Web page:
Moungi Bawendi is a French-born scientist, Louis Brus was born in the United States, while Alexei Ekimov is originally from the USSR. However, they all worked in the United States at the point of receiving the award, at the Massachusetts Institute of Technology (MIT), Columbia University, and Nanocrystals Technology Inc., New York respectively.
Their discovery of quantum dots was done independently, at the same time by Brus and Ekimov, while Bawendi revolutionised the chemical production. According the Swedish Academy of Sciences’ Press Release, the awardees’ groundbreaking work was crucial for the development of nanotechnology. The quantum dots the trio successfully created are so small that their properties are determined by quantum phenomena. This discovery – the scientific background of which can be read here – is used in versatile ways, ranging from medical utilisation (guide surgeons when they remove tumour tissue) to entertainment (such as LED TV-s and lamps).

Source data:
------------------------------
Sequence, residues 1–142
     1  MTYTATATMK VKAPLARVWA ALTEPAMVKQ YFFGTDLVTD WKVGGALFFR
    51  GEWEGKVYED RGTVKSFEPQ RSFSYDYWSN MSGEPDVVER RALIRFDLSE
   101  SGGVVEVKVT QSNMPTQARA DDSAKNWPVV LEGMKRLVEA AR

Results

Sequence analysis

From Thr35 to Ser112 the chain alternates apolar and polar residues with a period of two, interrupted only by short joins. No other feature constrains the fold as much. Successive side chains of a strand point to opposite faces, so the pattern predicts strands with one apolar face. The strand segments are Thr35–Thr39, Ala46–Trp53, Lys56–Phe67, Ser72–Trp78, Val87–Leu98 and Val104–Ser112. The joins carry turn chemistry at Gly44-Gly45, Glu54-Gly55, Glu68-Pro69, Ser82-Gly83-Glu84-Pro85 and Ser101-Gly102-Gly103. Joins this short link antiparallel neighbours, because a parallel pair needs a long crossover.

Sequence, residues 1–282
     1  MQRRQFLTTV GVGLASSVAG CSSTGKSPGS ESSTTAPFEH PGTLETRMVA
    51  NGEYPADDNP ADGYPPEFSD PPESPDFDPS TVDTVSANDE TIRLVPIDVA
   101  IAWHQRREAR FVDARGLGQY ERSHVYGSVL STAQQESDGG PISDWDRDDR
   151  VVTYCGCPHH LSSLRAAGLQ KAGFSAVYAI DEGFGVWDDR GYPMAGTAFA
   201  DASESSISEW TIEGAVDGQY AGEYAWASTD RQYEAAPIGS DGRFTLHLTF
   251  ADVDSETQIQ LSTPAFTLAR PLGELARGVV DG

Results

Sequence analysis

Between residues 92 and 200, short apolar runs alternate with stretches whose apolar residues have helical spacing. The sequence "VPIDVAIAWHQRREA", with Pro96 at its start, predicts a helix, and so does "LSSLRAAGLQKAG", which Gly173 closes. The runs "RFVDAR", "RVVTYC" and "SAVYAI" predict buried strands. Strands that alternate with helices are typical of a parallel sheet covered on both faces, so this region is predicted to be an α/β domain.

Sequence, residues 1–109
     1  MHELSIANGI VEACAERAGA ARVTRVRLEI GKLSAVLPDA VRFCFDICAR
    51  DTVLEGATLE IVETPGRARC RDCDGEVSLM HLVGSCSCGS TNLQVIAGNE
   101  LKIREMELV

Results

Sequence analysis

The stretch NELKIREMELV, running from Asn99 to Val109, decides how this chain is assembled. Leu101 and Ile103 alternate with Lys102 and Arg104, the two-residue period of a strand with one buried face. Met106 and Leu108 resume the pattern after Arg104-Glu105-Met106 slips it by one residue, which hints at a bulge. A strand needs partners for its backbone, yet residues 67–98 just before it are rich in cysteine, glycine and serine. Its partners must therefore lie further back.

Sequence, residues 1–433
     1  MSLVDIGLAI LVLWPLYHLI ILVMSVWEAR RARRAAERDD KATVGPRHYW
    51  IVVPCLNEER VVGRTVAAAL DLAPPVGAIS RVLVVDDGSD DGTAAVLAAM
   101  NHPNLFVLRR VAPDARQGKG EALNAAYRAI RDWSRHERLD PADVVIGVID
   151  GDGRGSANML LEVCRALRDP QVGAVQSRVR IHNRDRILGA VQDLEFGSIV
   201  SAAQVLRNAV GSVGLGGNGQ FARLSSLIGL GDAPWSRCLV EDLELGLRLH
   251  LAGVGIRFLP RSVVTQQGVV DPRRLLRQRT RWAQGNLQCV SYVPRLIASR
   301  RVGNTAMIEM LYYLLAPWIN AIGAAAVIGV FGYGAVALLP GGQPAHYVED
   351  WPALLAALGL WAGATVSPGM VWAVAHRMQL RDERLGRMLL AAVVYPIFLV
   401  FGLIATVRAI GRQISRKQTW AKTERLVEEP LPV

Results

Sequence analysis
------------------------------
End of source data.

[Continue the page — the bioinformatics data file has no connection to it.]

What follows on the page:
Alongside the chemistry laureates, the Nobel prize in Physics was awarded for the creation extremely short pulses of light to Pierre Agostini from France (working at Ohio University), Ferenc Krausz, from Hungary (working at Max Planck Institut) and Anne L’Huillier from France (Working in Lund, Sweden), while the medicine prize was awarded for the development of effective mRNA vaccines to Katalin Kariko and Drew Weismann, the former born in Hungary, while the latter in the U.S. and today both working in U.S.